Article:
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Old 02-07-2013, 03:01 PM   #4
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Done.
Thank you!
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PRIMARY: Northeast Style IPA aka "Roscoe"
PRIMARY: Centennial '75 Session IPA
BOTTLED: Razapple Wine- Vintage 2014
BOTTLED: Orange Haze Blonde
BOTTLED:
KEGGED:
PLANNING: Centennial Orange Blonde
PLANNING: Roscoe V.2
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Old 02-07-2013, 03:02 PM   #5
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+1 to what he said

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Old 02-09-2013, 02:55 AM   #6
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I will try and upload a picture of jar of washed yeast.
Click image for larger version

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ID:	99810  
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Blackbird Brewing

PRIMARY: Northeast Style IPA aka "Roscoe"
PRIMARY: Centennial '75 Session IPA
BOTTLED: Razapple Wine- Vintage 2014
BOTTLED: Orange Haze Blonde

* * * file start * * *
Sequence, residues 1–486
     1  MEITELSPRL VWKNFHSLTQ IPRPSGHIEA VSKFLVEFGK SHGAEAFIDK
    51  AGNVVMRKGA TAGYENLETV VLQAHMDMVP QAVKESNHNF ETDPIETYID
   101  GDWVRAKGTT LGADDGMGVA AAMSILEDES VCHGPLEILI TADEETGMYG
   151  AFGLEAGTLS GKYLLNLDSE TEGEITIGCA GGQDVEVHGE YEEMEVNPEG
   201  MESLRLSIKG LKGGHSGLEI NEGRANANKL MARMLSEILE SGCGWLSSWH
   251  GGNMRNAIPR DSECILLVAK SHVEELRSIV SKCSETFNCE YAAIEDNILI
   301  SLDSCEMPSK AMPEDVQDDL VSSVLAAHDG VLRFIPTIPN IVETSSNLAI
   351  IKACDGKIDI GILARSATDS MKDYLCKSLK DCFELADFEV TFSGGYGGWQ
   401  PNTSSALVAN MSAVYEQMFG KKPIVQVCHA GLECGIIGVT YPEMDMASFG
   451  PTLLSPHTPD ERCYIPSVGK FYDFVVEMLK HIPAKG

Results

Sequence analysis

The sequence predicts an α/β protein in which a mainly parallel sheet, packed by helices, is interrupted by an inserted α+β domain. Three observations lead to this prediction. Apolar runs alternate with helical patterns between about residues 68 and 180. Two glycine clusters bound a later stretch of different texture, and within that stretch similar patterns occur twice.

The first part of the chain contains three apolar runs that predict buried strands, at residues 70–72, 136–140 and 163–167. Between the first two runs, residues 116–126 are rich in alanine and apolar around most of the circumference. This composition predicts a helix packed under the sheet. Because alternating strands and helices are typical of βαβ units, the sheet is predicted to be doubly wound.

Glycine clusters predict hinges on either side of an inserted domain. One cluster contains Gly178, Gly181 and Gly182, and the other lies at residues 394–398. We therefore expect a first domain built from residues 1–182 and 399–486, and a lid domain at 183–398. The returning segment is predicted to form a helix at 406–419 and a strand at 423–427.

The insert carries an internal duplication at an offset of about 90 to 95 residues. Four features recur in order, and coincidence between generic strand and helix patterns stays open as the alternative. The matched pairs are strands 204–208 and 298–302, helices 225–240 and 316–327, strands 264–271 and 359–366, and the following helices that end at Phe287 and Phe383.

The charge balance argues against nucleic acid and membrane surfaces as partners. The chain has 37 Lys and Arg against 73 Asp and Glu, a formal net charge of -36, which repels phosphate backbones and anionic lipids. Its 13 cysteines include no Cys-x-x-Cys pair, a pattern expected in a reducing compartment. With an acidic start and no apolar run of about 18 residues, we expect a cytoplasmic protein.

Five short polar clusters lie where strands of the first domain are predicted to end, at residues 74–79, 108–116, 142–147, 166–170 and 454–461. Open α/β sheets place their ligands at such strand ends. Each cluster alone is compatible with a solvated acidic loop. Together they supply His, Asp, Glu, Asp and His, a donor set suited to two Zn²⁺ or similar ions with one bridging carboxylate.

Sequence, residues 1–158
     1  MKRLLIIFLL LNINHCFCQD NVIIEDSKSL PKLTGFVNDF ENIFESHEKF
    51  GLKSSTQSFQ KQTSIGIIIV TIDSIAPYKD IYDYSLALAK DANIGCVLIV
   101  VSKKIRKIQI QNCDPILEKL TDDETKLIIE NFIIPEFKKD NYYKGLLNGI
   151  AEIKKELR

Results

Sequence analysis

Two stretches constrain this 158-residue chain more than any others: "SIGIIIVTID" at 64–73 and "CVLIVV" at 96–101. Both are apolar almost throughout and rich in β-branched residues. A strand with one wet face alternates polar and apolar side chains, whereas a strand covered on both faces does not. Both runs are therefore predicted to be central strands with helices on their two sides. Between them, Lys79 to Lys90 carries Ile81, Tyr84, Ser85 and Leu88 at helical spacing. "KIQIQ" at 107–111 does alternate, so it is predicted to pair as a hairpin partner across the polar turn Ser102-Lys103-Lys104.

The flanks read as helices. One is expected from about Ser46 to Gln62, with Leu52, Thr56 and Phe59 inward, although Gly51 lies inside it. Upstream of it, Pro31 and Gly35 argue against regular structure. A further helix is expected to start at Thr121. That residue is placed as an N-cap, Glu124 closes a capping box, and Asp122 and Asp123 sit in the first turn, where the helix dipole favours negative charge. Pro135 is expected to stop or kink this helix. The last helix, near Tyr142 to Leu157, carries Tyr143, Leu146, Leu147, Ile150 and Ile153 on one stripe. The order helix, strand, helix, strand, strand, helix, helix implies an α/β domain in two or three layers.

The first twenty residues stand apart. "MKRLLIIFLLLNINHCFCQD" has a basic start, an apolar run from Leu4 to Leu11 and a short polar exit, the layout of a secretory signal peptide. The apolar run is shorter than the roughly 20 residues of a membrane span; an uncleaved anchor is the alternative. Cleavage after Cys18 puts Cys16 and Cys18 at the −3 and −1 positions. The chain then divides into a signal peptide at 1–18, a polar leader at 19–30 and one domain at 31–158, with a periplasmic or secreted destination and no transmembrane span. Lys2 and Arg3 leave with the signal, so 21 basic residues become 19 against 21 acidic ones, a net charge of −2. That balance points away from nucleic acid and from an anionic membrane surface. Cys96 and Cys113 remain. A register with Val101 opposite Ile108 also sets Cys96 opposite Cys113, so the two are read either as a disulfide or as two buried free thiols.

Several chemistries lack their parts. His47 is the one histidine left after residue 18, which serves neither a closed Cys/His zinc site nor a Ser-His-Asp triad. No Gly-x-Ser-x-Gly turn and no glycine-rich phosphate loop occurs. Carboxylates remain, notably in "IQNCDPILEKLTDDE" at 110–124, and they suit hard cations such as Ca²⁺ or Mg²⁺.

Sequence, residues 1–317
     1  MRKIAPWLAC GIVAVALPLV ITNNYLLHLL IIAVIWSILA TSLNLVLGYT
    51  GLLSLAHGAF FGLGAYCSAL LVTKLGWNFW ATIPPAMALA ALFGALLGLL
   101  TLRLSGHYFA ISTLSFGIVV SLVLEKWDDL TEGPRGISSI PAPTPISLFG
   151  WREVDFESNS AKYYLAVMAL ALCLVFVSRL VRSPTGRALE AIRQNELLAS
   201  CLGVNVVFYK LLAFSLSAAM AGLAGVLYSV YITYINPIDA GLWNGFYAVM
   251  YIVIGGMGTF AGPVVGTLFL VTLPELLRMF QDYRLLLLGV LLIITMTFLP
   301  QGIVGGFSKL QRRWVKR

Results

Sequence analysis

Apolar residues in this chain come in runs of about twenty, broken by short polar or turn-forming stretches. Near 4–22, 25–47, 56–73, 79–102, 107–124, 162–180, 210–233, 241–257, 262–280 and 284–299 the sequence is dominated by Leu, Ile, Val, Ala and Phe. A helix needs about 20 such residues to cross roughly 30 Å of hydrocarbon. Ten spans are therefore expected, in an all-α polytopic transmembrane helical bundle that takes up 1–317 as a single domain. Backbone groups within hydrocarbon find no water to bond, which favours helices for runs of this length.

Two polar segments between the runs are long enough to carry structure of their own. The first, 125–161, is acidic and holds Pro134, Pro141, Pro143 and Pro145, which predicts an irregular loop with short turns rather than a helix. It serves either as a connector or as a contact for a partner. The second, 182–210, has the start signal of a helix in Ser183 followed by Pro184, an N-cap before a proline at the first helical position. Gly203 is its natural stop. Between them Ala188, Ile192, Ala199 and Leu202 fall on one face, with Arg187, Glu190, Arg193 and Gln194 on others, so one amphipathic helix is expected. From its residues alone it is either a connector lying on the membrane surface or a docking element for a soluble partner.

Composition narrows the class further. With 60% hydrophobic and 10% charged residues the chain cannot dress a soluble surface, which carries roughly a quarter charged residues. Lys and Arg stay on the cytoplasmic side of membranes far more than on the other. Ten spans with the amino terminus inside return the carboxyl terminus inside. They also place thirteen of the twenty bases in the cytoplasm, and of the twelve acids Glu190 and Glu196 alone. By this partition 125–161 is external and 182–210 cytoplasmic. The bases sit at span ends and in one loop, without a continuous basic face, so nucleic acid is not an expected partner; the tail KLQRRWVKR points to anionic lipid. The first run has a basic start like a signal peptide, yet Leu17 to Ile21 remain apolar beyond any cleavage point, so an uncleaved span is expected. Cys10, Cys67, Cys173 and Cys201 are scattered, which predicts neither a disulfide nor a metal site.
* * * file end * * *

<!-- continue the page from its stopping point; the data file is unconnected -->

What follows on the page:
BOTTLED:
KEGGED:
PLANNING: Centennial Orange Blonde
PLANNING: Roscoe V.2
Do not mistake my kindness for weakness. I am kind to everyone, but when someone is unkind to me, weak is not what you will remember about me.

Reason: added photo

 
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Old 02-09-2013, 03:13 AM   #7
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I had to alter my original plan.

I had left the 3 jars of yeast out on my enclosed porch for the last few days and 2 discovered today that the water/beer layer had frozen, expanded and was oozing out.
This third jar must have contained enough beer/alcohol that it did not freeze.
I shook it up and let it rest for about an hour and took the picture.

So my question(s) are:
Is this enough yeast or too much to pitch my next batch?
It seem that I read that overpitching can cause flavor variations.

When i decide to use it, would I make a starter to ensure viability?

Thanks again.
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Blackbird Brewing

PRIMARY: Northeast Style IPA aka "Roscoe"
PRIMARY: Centennial '75 Session IPA
BOTTLED: Razapple Wine- Vintage 2014
BOTTLED: Orange Haze Blonde
BOTTLED:
KEGGED:
PLANNING: Centennial Orange Blonde
PLANNING: Roscoe V.2
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Old 02-10-2013, 12:55 AM   #8
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Quote:
Originally Posted by brewkinger View Post
... discovered today that the water/beer layer had frozen ...
This third jar ... did not freeze.
Is this enough yeast or too much to pitch my next batch?
When i decide to use it, would I make a starter to ensure viability?
Assuming they are all alive, It's probably about 1 million cells per ml.